Wednesday, February 17, 2010

To celebrate a sunny day: 1-72-1 by Ralph Moore.

Breeding: Ralph S. Moore, 1972. Sister seedling to 'Rise 'N' Shine'. Parentage: 'Little Darling' X 'Yellow Jewel'.

Today I am celebrating another sunny, warm(ish) day on the farm by presenting one of Ralph Moore's most important yellow breeding plants, 1-72-1. This just hapens to be a sister seedling to 'Rise 'N' Shine', Moore's most commercially successful yellow miniature. In many ways 1-72-1 it is very similar to 'Rise 'N' Shine' with one significant exception: this is a larger plant, with a growth habit that has come to be known as "a climbing miniature". (Its not really a climber, but rather a large plant with 4 to 5 foot arching canes)

A little known tidbit about this plant's history is that it was submitted for the AOE trials and was scheduled to be released as a commercial variety if it won an award. Unfortunately it didn't win an AOE, but it played a far more important role in Moore' breeding program. 1-72-1 is the parent of many excellent roses, including 'Cal Poly', 'Golden Gardens', 'Joycie', 'Pink Poodle', 'Sequoia Ruby', 'Twister' and 'Work of Art'. Moore made it known to many of his hybridizer friends that although 'Rise 'N' Shine' has played a role in breeding many excellent roses, 1-72-1 was the better parent. 'Rise 'N' Shine' breeds far too many white and off-white seedlings, whereas 1-72-1 breeds a higher percentage of strong yellows and oranges. Without 1-72-1 we'd have a significantly less rich gene pool in the yellow color group, and its influence can be traced through many generations of modern roses both large and small. Here's to Ralph Moore on this sunny day, and to the lovely golden 1-72-1!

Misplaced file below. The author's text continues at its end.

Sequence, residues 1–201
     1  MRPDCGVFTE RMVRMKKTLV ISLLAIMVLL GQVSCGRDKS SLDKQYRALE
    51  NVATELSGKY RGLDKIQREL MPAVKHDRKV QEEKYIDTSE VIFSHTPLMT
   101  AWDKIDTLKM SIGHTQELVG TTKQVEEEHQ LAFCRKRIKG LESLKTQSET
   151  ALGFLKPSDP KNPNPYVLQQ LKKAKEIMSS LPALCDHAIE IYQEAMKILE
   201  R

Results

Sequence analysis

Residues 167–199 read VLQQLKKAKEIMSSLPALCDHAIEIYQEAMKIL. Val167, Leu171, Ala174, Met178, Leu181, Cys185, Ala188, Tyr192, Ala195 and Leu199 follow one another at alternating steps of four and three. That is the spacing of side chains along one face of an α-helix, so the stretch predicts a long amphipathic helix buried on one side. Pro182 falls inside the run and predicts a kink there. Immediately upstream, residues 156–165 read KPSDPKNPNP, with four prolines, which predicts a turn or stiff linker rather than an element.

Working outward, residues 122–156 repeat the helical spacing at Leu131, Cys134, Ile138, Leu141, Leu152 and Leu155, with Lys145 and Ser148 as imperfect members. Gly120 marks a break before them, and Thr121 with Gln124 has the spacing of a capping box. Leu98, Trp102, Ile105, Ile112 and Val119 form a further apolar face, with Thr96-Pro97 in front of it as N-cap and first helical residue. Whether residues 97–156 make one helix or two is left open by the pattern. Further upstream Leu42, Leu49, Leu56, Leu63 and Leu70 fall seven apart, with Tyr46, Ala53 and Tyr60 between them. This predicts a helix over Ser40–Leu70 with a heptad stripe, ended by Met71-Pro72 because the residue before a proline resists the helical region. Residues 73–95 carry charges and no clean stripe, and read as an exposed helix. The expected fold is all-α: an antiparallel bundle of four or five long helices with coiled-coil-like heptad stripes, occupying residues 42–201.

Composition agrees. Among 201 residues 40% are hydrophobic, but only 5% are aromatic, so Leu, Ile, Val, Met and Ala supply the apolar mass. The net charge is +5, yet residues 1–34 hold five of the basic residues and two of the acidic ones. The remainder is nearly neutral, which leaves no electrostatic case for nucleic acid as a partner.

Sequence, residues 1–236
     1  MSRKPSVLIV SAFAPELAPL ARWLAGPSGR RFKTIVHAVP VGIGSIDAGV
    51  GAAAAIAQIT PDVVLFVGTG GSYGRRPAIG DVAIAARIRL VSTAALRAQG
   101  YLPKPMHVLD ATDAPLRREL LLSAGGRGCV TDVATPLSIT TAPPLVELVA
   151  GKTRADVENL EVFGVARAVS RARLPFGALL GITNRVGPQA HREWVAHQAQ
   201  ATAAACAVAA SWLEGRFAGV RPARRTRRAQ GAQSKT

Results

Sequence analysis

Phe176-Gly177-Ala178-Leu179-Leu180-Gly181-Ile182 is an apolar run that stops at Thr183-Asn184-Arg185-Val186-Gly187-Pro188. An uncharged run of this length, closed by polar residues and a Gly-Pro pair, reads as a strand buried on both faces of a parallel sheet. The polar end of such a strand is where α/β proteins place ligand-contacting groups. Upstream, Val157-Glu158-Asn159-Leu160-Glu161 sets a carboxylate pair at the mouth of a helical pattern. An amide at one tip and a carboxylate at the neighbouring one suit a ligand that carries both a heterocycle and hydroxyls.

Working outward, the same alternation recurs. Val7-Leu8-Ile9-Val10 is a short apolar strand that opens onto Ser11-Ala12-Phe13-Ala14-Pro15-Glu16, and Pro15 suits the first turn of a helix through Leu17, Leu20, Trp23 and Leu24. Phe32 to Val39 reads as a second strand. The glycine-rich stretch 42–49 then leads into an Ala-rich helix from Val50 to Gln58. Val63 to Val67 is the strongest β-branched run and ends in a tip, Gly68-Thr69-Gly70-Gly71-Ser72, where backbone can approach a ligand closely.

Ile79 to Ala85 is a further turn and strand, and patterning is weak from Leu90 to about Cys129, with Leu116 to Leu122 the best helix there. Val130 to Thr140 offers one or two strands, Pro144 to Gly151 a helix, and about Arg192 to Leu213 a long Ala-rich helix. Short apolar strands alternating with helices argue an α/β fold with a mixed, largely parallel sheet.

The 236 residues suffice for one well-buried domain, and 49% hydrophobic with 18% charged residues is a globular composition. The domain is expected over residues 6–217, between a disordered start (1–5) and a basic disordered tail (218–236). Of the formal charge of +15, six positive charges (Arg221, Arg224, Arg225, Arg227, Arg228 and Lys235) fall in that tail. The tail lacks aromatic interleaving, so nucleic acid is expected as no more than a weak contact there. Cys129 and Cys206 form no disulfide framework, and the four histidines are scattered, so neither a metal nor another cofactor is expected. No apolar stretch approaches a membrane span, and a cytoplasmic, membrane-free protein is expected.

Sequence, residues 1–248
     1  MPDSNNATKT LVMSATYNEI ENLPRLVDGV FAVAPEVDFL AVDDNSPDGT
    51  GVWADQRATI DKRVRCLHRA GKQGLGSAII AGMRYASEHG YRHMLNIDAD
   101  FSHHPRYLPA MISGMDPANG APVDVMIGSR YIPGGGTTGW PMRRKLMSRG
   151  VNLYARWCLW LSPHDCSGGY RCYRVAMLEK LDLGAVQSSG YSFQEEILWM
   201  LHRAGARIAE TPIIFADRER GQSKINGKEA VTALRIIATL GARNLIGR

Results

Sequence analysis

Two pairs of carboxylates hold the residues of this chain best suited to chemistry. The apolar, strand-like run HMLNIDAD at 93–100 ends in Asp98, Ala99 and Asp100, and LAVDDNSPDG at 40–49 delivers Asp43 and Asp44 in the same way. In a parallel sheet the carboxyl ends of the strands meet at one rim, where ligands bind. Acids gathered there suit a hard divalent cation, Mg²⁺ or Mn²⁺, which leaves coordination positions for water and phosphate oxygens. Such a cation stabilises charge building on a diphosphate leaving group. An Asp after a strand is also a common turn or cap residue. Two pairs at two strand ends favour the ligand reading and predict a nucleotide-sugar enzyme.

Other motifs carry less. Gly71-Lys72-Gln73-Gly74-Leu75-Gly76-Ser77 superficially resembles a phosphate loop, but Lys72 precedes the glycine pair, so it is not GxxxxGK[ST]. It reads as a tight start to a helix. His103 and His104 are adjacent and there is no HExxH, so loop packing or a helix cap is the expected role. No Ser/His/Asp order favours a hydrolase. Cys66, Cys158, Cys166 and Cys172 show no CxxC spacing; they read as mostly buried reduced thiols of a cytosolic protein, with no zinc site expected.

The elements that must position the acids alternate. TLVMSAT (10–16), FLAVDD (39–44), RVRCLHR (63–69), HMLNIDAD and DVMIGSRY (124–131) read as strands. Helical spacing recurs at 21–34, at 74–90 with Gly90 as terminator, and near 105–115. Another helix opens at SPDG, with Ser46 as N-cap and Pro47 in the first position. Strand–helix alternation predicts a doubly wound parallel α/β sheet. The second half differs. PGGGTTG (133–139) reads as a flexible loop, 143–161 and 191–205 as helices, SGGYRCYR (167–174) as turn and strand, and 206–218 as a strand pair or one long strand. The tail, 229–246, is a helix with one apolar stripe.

1. Thank you Paul for bringing this yellow beauty of Ralph's to the computer screen, this morning. It has given off a spark of joy!

  2. Thats how I think of 1-72-1: a spark of joy. I'll have to take a pic of my mature plant in full bloom in a few weeks.